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Old 09-28-2014, 09:17 AM   #1
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Seam sealing

Here's what I am doing and soliciting any advice anyone wants to offer. After the first rain with inside skins off, I had lots of water. It seemed to be coming in over the tops of the windows so my first action was to clean and re-caulk all the rain guards above the windows with Vulkem 116. This slowed it down but the next rain water was still getting in and I figured out it was seeping in through the curved roof seams front and back and the vertical seams where water gushes off the rain guards and runs right down the seam. After getting advice on what sealants to use and not finding ANY of them locally, I ordered Tempro 535, Aluminum Tinted Gutter Seal, and Parbond from VTS. I spent all weekend cleaning off the seams. There was some grey stuff that had seriously bonded with the shell. I had to use a wire sheet and razor blade to scratch it off. Then I used 320 and 400 grid sand paper to smooth it over. I think I will try HiHoAgRV's approach but I am not sure what sealant to use.
http://www.airforums.com/forums/f456...ge-114600.html

Some of my seams are pretty open between rivets, so maybe tempro for those and the gutter seal for the tighter ones?

PS - The Vulkem 116 was a bad choice for the rain guards because the textured finish didn't look good in the first place, and it was still sticky when I was cleaning the roof seams so now it's all speckled and black.
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Old 09-28-2014, 11:08 AM   #2
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I have used Tempro on the seams on my 68 with good luck. After reading a lot and trying several techniques here it the best way I found to get nice looking and sealed seams with Tempro (Vulkem). After ever thing is clean, use blue masking tape and tape off the seams leaving about and 1/8 or so opening right along the seam line. Apply the sealant, not too heavy, and then run you finger over it pressing it into the seam as you pull you finger across the length of the seam. Then go back the other way and press and sealant into the seam. You will be wiping off the excess when you do this as well as forcing it deep into the gaps. Then, immediatley remove the tape! If you pull the tape off right when you finish wiping it into the seam the edges will blend down and you get a really smooth caulk line. If you leave the tape on for a while you will get a ridge at the edge of the tape that is rough and also attracts dirt. Wear old clothes because you WILL get stuff on you no matter how careful you are. I am sure others will have ideas but this "system" works the best for me. I've had lots of practice as my 68 leaked like a you would not believe.
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Old 09-28-2014, 02:20 PM   #3
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I would not use caulking on the metal lapped joints, except when a panel is being replaced.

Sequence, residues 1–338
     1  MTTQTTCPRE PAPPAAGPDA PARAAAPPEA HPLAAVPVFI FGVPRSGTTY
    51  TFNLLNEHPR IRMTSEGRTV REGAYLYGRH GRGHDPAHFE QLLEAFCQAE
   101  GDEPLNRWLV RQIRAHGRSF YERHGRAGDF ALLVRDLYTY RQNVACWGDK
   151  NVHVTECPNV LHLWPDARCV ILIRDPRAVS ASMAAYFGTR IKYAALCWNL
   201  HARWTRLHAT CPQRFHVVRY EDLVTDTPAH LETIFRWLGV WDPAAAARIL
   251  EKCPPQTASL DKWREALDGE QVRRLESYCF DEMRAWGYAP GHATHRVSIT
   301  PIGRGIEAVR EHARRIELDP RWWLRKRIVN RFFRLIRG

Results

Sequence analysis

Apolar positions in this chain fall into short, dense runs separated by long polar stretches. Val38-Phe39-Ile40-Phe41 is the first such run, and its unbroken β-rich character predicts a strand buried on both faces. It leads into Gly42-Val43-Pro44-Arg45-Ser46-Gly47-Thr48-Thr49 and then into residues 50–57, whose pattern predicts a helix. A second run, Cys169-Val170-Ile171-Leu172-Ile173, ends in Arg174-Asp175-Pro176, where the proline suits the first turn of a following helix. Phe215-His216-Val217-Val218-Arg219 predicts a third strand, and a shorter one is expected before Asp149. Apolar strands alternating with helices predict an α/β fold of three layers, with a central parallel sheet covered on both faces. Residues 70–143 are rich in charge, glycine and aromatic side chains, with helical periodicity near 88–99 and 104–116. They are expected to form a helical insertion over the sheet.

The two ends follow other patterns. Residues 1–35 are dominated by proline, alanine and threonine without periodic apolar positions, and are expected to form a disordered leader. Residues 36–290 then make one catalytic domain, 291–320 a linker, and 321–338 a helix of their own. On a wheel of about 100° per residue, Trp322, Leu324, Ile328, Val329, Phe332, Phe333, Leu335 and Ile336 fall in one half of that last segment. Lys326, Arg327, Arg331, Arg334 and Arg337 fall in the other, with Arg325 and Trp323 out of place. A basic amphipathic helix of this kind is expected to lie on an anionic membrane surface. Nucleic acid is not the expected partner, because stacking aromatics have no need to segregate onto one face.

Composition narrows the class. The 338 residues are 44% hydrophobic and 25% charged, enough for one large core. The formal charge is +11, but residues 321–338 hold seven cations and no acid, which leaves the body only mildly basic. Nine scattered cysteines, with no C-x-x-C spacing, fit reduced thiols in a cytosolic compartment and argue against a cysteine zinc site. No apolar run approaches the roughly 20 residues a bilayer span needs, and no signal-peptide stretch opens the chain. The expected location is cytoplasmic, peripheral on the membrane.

Acryl-R will seep into those small cracks. It is designed to go into spaces 1/8" and smaller, where caulking will just set on top then peal off later.

I use Trempro 635 around window and doors. I also tape joints, like described above.
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Old 09-28-2014, 02:55 PM   #4
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Hi,
I have done this job twice now, 1st time on a 73 overlander i used a product called Upol Grey stripe, which is a brush on product,

and on my 59 Avion, i wanted to use upol again but the Avions seams had originally be sealed with Bitumen, which did not agree with the upol, so i used a bitumen roof sealant which again was brush on, which makes it easier to get into the seams, you could also look at Captain Tolleys creeping crack cure, No not a joke !! fantastic product, look it up .
Cheers and good luck Tim
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Old 09-28-2014, 03:18 PM   #5
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X2 re Capt Tolleys sealant.
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Old 09-28-2014, 03:33 PM   #6
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I use Trempro 626 on anything larger than 1/8". That is what Vulkem really was and what airstream used to use in the day. It has a texture and takes a while to actually cure so you probably will not like it since you did not like the Trempro 116 which I have never tried. I used to do the making tape thing but it was more time consuming than just using denatured alcohol to remove the excess.
I use Acryl R on any joint smaller than 1/8".
Since you have all the skins out you might consider using Flex Seal(yes the TV infomercial) on all the seams and rivet tails. Rustolium makes a similar product. I do this in all my restorations weather the seam leaks or not.
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Old 09-28-2014, 04:11 PM   #7
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Vote #3 for Captain Tollys Seam Sealant. Although getting hard to find! West Marine did carry it I don't think they still do.
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Old 09-28-2014, 07:11 PM   #8
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Thank you for all the replies.

I went with the Gutter Seal instead of Capt. Tolley's for 2 reasons (both claim to wick into the seams). Gutter Seal is a paste and Aluminum Tinted. Tolley's says it's thinner than water...so how do apply something thinner than water to seams that are on the side where gravity is just going to pull the product away from the seam? One of the reviews on VTS also said it left stains. Am I missing something?

I mis-typed Tempro "535" in my first post, I ordered Tempro 635. Is there any significant difference between that and the Tempro 626 that you guys are referring to?